"This is the only instrument remaining completely in its original form. The neck, fingerboard, pegs, bridge, tailpiece and end-button are original. The instrument type -- a large viola -- was already obsolete when it was delivered to the Duke, so the instrument was rarely played. In 1863, it was offered to the Regio Isituto Musicale of Florence, now the Instituto Cherubini, where it has been ever since."
Capolavori di Antonio Stradivari, Charles Beare, Charles Beare, Capolavori di Antonio Stradivari, Milan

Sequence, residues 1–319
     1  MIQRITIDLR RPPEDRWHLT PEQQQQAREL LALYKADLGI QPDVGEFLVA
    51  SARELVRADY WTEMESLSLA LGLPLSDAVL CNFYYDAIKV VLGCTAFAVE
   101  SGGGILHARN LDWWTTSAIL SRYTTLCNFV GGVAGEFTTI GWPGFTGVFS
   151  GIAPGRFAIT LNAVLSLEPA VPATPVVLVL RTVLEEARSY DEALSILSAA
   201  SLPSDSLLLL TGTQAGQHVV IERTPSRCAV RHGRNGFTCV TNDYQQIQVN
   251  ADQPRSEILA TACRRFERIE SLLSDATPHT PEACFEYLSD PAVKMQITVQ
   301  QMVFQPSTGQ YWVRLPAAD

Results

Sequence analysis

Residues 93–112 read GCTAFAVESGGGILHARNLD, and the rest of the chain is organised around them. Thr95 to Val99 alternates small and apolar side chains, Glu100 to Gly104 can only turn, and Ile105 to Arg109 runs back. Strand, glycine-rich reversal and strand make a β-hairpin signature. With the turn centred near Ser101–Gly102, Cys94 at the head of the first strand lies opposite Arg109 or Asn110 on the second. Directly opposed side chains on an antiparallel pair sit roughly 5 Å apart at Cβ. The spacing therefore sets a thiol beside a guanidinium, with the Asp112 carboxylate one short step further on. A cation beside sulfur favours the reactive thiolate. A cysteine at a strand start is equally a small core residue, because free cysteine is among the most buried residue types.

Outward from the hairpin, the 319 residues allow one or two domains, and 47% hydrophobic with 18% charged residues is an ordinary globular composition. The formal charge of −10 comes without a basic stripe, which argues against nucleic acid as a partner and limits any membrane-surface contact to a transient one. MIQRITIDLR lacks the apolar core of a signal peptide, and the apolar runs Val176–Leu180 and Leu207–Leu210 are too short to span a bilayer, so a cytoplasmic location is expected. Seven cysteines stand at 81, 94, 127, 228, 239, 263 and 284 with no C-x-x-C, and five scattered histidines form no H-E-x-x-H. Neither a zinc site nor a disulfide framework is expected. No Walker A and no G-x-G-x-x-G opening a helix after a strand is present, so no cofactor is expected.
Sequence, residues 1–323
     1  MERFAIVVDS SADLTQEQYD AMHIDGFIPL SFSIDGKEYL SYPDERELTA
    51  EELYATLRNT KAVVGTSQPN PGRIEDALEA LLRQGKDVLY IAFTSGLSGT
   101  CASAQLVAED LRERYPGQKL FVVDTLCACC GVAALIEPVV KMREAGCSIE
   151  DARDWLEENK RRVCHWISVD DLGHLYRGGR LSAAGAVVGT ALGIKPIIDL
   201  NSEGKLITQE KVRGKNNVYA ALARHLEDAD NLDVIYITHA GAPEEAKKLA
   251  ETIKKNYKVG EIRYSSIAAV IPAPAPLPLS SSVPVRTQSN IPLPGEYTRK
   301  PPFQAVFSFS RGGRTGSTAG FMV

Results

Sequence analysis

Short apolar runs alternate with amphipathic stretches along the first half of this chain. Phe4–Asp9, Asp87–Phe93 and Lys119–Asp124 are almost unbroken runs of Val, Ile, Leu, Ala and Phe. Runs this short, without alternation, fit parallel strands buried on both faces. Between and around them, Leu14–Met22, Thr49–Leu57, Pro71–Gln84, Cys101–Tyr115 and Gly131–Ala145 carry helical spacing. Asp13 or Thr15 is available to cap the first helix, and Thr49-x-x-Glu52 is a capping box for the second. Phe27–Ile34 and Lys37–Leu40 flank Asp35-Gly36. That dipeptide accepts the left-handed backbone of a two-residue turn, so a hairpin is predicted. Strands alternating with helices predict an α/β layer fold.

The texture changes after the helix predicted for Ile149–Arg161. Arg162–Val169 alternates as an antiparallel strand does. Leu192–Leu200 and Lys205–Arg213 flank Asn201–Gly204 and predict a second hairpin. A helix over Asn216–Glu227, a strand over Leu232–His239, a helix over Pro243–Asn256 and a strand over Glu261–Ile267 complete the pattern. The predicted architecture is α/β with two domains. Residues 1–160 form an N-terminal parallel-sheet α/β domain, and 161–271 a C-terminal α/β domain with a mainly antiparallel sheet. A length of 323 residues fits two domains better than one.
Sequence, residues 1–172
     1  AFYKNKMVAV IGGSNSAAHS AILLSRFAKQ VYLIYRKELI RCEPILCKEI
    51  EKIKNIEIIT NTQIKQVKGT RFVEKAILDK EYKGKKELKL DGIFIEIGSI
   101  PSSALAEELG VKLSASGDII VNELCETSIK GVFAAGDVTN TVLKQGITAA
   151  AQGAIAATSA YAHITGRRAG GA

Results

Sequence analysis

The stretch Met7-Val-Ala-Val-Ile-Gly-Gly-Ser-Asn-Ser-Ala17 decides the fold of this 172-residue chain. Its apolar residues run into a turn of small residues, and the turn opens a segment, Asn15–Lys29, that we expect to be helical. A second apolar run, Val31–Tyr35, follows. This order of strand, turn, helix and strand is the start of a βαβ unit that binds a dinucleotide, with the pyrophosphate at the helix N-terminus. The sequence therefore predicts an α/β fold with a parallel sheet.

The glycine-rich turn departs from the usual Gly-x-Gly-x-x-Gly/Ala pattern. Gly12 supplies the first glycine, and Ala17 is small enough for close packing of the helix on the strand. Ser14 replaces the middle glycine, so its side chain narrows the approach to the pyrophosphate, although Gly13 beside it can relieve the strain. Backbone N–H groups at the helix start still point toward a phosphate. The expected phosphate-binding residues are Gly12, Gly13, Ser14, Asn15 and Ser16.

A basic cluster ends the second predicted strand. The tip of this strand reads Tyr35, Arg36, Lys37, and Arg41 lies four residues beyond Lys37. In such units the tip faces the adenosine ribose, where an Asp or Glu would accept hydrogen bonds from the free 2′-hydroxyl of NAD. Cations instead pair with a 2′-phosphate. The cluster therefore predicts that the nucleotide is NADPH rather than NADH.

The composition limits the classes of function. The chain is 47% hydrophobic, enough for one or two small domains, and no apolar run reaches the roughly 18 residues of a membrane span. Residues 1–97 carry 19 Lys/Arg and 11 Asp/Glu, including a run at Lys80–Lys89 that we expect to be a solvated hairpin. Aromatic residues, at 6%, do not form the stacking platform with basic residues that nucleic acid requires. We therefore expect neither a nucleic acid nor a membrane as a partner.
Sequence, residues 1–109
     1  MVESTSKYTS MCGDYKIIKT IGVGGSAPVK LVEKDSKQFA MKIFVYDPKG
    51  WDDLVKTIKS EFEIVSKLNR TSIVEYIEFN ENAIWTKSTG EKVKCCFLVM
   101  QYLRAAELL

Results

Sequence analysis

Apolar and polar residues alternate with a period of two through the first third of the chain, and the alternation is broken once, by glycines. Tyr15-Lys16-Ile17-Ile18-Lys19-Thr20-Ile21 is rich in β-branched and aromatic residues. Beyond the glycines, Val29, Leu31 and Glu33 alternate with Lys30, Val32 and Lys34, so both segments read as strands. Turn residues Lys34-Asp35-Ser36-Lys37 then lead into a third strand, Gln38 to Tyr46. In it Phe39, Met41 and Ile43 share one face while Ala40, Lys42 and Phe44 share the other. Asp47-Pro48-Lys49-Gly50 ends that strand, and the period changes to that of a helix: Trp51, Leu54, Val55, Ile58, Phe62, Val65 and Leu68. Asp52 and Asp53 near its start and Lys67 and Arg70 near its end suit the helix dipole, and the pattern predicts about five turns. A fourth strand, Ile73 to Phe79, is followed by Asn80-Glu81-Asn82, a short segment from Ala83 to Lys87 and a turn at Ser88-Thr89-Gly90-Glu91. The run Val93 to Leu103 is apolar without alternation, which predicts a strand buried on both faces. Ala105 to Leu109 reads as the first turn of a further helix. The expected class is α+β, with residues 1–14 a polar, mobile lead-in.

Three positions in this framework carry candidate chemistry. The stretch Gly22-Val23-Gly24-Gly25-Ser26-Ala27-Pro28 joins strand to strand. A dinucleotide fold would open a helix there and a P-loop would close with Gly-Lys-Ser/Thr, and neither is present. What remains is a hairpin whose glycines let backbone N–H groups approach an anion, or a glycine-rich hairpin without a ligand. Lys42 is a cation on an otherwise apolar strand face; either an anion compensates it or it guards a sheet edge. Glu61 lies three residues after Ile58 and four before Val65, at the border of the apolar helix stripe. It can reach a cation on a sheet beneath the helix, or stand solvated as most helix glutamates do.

Illustrated in The Strad, Dec. 1987.
How Many Strads?, Doring, Bein & Fushi, Doring, Bein & Fushi, How Many Strads? (1999 edition), Chicago
Around 1877, Giuseppe Scarampella, the curator of the Instituto Cherubini, opened the instrument to repair some worm-beetle damage, and discovered that a large patch had been inserted in the belly with the notation in Stradivari's handwriting: "Correto da me Antonius Stradivarius". Apparently Stradivari had made the belly to thin and had to later reinforce it.
How Many Strads? - Supplemental Remarks, Ernest N. Doring, Violins & Violinists, October-November, 1945, Chicago
". . . the Medici tenor viola [is] probably the only instrument [by Stradivari] to have its original bass-bar."
The 'Secrets' of Stradivari, Simone F. Sacconi, The 'Secrets' of Stradivari, Cremona